OCT.09.2020 ──────── JAN.24.2021
Wall Street, New York, 1915
Fundación MAPFRE Collection
© Aperture Foundation Inc., Paul Strand Archive
OCT.09.2020 ── JAN.24.2021
KBr Fundación MAPFRE
Avenida Litoral, 30 – 08005 Barcelona
Born in New York, Paul Strand (1890-1976) began studying with the social photographer Lewis Hine and later became close friends with Alfred Stieglitz, a photographer and pioneer in the introduction of modern art in the United States. Strand managed to merge these two trends and continued to explore until laying the foundations of modern photography and anticipating what in later years will be known as “direct photography”. His knowledge of contemporary art derived from his personal contacts with artists and art theorists, his intuition and his powers of synthesis all led him to create a body of work outside of his own time.
The exhibition comprises 110 photographs out of the 131 by Paul Strand in the Fundación’s collection, which is the most complete on the artist in any European institution.
This survey is divided into four sections based on the artist’s working method and on his way of understanding the world:
Geometries: reconfiguring the gaze: One of the aspects of photography that Strand mastered at the outset of his career was the movement of pedestrians. Encouraged by Stieglitz and following Alvin Langdon Coburn (1882-1966), he began to photograph from New York’s viaducts, bridges and tall buildings. These images and the movement in them introduced an element of the documentary and the everyday into his work that would become one of the characteristic traits of 20th-century urban photography.
Landscapes: from mistiness to geometrical painterliness: Landscape was one of the quintessential Romantic genres in which a direct vision of nature distanced artists from the concept of mimesis in favour of a type of painting that transmitted emotions. Pictorialist photography – and its theory of art based on the reduction and simplification of forms had- a significant impact on Strand’s early work. Images such as Shore Bay, Long Island (1914) or Winter, Central Park, New York (1913-14) reveal his move towards abstraction, which he explored through this genre.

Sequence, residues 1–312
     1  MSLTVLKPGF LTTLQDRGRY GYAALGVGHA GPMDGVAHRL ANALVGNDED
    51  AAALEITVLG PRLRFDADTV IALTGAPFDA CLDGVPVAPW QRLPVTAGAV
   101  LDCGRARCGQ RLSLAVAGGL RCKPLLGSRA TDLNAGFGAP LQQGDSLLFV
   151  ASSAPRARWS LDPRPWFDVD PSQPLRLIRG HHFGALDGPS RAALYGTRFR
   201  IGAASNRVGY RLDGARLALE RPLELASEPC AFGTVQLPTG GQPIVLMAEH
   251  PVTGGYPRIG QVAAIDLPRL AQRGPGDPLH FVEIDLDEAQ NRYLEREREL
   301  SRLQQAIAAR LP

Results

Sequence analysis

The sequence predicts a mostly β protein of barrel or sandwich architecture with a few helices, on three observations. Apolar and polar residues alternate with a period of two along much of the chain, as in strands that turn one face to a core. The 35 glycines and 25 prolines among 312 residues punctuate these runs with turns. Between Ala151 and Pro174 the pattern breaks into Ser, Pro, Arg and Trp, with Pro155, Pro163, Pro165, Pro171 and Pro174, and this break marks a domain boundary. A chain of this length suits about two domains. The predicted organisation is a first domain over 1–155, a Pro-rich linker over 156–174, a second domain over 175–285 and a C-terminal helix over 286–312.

Portraits: from the concealed gaze to cultural diversity: In the autumn of 1916 Strand decided to explore the Lower East Side of Manhattan in New York with the aim of portraying anonymous people who were unaware of being photographed, resulting in images of enormous naturalness and accessibility. He concentrated on their heads and facial expressions, of which one celebrated example is Blind Woman of 1916, which anticipates the intimacy present in his later portraits.
Countries: Emotional cartographies. Books as project: By the 1920s travel had become a habitual activity for artists and intellectuals. Illustrated magazines acquired increasing importance and this interest in photography spread to the field of publishing, resulting in collections of books such as Orbis Terrarum (1922), which benefited from the collaboration of leading photographers such as Hoppé, Brehme and Hielscher. In a continuation of this direction, a significant part of Strand’s output is based on his travels, which are reflected in the resulting books that he produced. In 1976 the artist wrote: “I think of myself as an explorer who has spent his life on a long voyage of discovery.”
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